You don't need to understand any of this to use encryption. It's all controlled in software at the application or operating system level, though the actual processing may be accelerated by specific features of a CPU or even GPU. It all happens so transparently and imperceptibly that you might not even be aware that you're using encryption to, say, safeguard the contents of your work PC's hard drive or send sensitive data across the Internet using SSL. Most PC, workstation and server operating systems and even the two major mobile operating systems - now have some encryption system in place to protect data at rest (the data stored on the device). Browsers, email clients and other applications will have encryption systems to protect data in transit (while it's being sent or transmitted across a network or the Internet).
Whatever encryption system you have, there will always be someone who wants to break it, usually by trying to intercept or recreate the private key. The most basic method is what's known as a brute force attack, the equivalent of trying every combination of every character in a PIN code or password until you hit the right one. For the human mind this would be impossible even with just four digits, but for systems leveraging multiple processor cores or hundreds or thousands of stream processors the type you'd find in a good GPU it's only a matter of time.
As a result, key length, or the number of characters in the key matters, because the longer it is, the harder it will be to brute force. As a result, a 128-bit AES key would be easier to break than a 256-bit AES key, though the way the system works means both would be challenging for even the most advanced computers. The other approach is cryptoanalysis, breaking down the cipher itself in order to spot a weakness that could help decrypt the message without the key. This has been a successful approach throughout history, including the breaking of the Engima machine at Bletchley Park during World War II.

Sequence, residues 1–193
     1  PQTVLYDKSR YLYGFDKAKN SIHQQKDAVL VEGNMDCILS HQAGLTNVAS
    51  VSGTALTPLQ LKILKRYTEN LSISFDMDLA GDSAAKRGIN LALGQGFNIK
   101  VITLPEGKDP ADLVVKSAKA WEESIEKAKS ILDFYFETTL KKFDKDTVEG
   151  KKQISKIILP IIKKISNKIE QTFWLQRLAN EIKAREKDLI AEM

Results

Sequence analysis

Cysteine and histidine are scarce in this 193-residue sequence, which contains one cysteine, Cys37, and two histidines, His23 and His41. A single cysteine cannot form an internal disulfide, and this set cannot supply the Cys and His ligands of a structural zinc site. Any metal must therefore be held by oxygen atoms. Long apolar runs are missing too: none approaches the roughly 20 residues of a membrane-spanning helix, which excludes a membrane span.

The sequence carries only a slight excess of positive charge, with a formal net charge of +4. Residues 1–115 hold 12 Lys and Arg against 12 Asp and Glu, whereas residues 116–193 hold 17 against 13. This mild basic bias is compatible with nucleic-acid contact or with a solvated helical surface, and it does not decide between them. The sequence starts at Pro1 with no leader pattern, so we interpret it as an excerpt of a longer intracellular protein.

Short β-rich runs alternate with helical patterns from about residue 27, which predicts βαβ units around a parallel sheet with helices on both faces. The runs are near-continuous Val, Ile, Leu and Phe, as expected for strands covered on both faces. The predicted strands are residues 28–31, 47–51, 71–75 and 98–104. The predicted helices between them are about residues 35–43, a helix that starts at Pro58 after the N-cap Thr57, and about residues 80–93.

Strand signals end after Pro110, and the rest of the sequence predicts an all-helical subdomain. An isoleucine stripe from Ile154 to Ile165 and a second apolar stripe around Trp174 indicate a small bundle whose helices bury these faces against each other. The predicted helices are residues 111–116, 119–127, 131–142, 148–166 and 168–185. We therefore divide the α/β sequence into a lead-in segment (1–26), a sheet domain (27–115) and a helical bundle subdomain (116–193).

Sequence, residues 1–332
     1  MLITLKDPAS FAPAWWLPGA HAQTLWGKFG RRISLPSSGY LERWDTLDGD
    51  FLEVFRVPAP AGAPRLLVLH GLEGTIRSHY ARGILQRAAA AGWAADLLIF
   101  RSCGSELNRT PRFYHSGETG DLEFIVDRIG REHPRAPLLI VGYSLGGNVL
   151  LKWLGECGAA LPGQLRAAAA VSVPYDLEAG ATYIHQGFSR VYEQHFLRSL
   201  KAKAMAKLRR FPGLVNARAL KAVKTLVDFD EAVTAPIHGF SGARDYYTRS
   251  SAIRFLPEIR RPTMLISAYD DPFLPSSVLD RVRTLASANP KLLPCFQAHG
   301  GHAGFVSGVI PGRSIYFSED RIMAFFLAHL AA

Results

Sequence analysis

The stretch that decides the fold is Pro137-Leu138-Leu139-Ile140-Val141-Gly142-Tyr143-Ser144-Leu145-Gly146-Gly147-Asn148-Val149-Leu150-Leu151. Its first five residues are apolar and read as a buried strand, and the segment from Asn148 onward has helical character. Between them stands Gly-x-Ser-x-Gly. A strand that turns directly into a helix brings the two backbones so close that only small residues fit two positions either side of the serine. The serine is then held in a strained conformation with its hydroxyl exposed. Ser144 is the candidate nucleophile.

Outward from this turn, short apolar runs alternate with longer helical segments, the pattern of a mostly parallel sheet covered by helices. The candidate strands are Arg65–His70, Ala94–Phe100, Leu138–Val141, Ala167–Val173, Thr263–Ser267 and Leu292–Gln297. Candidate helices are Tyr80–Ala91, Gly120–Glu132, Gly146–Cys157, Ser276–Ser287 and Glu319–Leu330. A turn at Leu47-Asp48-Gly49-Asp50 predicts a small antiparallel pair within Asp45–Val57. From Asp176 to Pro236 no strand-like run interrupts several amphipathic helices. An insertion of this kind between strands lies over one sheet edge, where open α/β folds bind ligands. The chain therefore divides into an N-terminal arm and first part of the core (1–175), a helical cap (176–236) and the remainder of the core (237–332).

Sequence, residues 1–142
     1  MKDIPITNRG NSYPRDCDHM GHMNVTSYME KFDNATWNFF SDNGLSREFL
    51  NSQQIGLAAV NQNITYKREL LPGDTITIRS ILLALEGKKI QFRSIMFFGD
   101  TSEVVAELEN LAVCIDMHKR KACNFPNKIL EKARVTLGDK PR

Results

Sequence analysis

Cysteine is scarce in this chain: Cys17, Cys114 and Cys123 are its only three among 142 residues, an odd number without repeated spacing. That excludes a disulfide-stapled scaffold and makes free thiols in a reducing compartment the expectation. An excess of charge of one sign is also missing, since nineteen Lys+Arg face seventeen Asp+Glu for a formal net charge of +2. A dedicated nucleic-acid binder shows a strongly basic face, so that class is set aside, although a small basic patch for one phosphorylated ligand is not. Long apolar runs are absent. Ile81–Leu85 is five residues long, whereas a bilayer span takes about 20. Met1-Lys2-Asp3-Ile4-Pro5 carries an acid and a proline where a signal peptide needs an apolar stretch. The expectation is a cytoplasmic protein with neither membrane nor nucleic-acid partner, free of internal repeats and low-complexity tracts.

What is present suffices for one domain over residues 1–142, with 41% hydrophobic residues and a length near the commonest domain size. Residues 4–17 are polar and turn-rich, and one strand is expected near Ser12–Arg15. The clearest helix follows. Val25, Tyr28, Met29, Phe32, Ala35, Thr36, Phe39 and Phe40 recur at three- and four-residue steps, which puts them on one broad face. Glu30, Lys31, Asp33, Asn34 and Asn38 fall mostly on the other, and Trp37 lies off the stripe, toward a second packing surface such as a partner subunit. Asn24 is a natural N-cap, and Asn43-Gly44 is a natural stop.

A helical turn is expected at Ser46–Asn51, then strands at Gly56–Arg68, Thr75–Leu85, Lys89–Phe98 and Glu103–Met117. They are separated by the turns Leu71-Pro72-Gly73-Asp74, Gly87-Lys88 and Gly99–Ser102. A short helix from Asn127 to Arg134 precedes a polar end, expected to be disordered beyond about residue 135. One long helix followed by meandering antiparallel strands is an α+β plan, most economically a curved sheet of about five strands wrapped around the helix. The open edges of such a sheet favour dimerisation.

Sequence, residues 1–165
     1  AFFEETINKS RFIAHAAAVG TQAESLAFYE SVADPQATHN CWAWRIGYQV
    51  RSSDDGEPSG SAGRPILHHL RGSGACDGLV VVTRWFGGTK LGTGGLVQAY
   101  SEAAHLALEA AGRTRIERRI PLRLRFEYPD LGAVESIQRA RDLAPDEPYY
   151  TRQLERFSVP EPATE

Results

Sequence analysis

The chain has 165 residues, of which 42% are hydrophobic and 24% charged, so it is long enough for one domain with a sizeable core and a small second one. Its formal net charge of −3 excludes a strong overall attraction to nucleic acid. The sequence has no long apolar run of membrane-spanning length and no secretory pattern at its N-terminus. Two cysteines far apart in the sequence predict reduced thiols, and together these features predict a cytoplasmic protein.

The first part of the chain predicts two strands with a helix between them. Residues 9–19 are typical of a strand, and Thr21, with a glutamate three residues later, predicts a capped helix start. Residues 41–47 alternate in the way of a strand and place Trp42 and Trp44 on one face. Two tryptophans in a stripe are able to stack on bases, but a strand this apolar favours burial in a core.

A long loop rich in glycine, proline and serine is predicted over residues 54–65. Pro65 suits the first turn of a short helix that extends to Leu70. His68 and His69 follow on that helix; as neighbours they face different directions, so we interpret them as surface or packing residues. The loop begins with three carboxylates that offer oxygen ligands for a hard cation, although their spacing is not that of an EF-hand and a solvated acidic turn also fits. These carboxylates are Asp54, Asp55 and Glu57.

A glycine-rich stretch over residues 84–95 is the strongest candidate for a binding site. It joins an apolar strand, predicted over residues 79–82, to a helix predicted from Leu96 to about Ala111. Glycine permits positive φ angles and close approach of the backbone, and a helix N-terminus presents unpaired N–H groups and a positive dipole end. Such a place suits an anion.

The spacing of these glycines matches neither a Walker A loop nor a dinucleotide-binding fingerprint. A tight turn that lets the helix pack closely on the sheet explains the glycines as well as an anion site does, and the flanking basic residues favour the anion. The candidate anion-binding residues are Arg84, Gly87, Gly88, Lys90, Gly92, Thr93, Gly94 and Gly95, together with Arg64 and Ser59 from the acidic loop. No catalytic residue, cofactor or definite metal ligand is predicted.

Is encryption always a good thing?
As we said earlier, encryption is a tool, and like most tools much depends on the person using it. Encryption is a good thing when it prevents cybercriminals eavesdropping on communications between, say, you and your credit card provider, or when it prevents the data on a stolen company laptop from being viewed and then distributed around the darker corners of the Web. Privacy advocates would also argue that encryption is a guarantor of privacy and civil rights, preventing government agencies, security services and law enforcement from snooping on your private communications or engaging in mass-scale surveillance.
However, encryption also throws up problems for security and law enforcement, in that criminals and terrorists use encryption to hide activities or conceal files and data that might lead to their conviction. As British Home Secretary, Amber Rudd, said in August, The inability to gain access to encrypted data in specific and targeted instances. Is right now severely limiting our agencies' ability to stop terrorist attacks and bring criminals to justice.'
It seems, the use of end-to-end encryption in messaging apps like WhatsApp makes it near-impossible for security services to snoop in on criminal or terrorist activity and prevent a crime or attack from happening. Meanwhile the strong encryption can make it harder for a police force to find and analyse evidence, particularly when there are 24 to 36 hour time limits between an arrest and a suspect being either released or charged. While there are legal ramifications for those who refuse to help authorities with decryption up to two years or five years in jail, depending on the offence - encryption can still hold up investigations into crimes ranging from child pornography to hacking to financial crime.
Some authorities have suggested banning or weakening encryption in consumer-level messaging products, while others have suggested a mandatory back door' which could be opened on request from law enforcement under suitable legal guidelines. Many technology experts and privacy campaigners argue that doing either would simply weaken the protection encryption affords to companies and individuals, while pushing criminals and terrorists towards other apps or messaging solutions that retained strong end-to-end encryption.
This is a question with no easy answer, where there's a need to balance the rights of companies and individuals with the needs of security, law enforcement and public safety. In the end, whatever challenges encryption poses for the authorities, it seves a useful purpose for businesses and for all of us, helping to protect our most sensitive information from those who might abuse it.